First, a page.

A review of a case where a man stabbed his partner 173 times has concluded a formal process was needed for police to notify health professionals when someone’s mental health was of concern.
Jake Neate killed Suzanne Brown, 34, at their home in Braintree in 2017.
The review by a domestic abuse board also recommended a mental health practitioner be based in the force control room.
Essex Police said it was working to introduce a referral process.
The domestic homicide review, commissioned by Braintree Community Safety Partnership and carried out by the Southend, Essex and Thurrock Domestic Abuse Board (SETDAB), uses different names to refer to the couple.
Mr Neate, 37, who had schizophrenia and a history of mental health issues, was deemed unfit to stand trial for murder, but a trial of the facts found he was responsible for killing Ms Brown. He was given an indeterminate hospital order.
Chelmsford Crown Court heard he had been taken off an anti-psychotic drug two months before the incident.
The SETDAB review said Mr Neate’s mental health had deteriorated in the weeks leading up to the killing and his parents had contacted police several times on the night of Ms Brown’s death.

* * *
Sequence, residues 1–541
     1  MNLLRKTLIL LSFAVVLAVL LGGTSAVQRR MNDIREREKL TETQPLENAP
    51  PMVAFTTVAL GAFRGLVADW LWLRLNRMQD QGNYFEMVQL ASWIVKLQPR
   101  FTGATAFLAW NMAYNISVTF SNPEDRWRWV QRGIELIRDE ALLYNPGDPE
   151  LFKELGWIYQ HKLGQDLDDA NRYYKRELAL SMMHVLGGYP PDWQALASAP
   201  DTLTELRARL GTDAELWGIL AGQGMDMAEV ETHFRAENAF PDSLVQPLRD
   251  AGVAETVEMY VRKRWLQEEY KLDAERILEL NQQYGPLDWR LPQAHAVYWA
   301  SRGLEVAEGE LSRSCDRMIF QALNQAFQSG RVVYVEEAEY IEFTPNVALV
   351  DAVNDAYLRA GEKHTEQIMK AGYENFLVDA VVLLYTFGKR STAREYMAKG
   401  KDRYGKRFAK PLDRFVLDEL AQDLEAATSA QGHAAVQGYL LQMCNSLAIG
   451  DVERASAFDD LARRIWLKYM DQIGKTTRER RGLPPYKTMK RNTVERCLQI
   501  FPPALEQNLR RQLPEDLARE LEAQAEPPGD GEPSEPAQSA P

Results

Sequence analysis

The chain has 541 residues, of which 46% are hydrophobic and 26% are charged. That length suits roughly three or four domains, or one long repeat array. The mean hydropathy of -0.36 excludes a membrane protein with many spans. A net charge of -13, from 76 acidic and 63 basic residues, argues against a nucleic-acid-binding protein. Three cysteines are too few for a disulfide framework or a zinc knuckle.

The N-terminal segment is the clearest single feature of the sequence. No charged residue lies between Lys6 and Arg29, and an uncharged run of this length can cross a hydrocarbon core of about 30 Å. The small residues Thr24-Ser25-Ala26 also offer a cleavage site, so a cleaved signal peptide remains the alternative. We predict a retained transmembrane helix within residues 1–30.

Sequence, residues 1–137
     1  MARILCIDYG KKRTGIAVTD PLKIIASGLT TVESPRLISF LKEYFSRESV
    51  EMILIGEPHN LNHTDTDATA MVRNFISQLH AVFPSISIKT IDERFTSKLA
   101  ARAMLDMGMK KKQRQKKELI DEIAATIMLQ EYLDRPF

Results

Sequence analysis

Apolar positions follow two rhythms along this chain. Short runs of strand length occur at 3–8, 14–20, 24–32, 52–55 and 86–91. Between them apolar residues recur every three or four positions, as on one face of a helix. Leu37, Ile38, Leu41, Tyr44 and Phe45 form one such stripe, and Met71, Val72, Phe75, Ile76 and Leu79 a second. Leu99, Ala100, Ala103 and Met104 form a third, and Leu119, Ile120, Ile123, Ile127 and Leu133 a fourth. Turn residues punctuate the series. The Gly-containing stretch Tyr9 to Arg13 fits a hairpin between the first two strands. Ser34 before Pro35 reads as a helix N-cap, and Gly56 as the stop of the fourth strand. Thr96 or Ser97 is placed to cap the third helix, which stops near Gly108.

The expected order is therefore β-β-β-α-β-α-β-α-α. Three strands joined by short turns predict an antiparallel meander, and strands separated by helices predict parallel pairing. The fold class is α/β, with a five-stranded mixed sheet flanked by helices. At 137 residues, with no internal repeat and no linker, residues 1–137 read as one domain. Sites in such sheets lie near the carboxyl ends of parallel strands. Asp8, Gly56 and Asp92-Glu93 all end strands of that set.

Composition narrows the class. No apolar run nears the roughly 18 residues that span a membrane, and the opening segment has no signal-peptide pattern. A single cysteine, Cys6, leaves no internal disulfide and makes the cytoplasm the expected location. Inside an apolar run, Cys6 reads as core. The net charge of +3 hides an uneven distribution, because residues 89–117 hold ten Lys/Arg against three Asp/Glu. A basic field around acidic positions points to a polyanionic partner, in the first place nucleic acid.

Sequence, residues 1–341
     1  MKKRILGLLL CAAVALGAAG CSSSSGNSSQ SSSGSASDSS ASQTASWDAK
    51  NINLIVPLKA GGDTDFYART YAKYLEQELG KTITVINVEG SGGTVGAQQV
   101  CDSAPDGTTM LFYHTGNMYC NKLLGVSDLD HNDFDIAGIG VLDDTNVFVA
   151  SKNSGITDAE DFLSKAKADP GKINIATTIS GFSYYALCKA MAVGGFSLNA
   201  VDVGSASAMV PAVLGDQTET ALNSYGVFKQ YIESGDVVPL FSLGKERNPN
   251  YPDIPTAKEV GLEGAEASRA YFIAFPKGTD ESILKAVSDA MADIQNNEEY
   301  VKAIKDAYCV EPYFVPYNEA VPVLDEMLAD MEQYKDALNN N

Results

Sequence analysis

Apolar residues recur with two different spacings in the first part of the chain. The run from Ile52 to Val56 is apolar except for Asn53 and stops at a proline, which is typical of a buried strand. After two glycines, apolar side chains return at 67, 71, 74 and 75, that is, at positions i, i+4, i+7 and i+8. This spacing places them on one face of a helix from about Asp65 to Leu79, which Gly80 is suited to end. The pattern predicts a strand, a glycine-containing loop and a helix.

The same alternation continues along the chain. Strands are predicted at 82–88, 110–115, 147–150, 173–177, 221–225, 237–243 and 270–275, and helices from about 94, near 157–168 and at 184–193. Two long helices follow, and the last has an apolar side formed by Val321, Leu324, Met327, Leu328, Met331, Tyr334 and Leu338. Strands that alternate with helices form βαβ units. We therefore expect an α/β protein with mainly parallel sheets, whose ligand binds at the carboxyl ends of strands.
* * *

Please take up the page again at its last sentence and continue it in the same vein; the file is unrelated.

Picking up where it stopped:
It took the force nearly three hours to respond to a 999 call which had been wrongly categorised.
In 2019, the Independent Office for Police Conduct found call-handlers had no case to answer for misconduct.
The SETDAB review said there was “still no formal process which the police can notify mental health professionals about someone’s deteriorating mental health”.
The report added that Essex Police and Essex Partnership University NHS Trust (EPUT), which provides NHS mental health services, should “consider basing a mental health practitioner in the force control room”.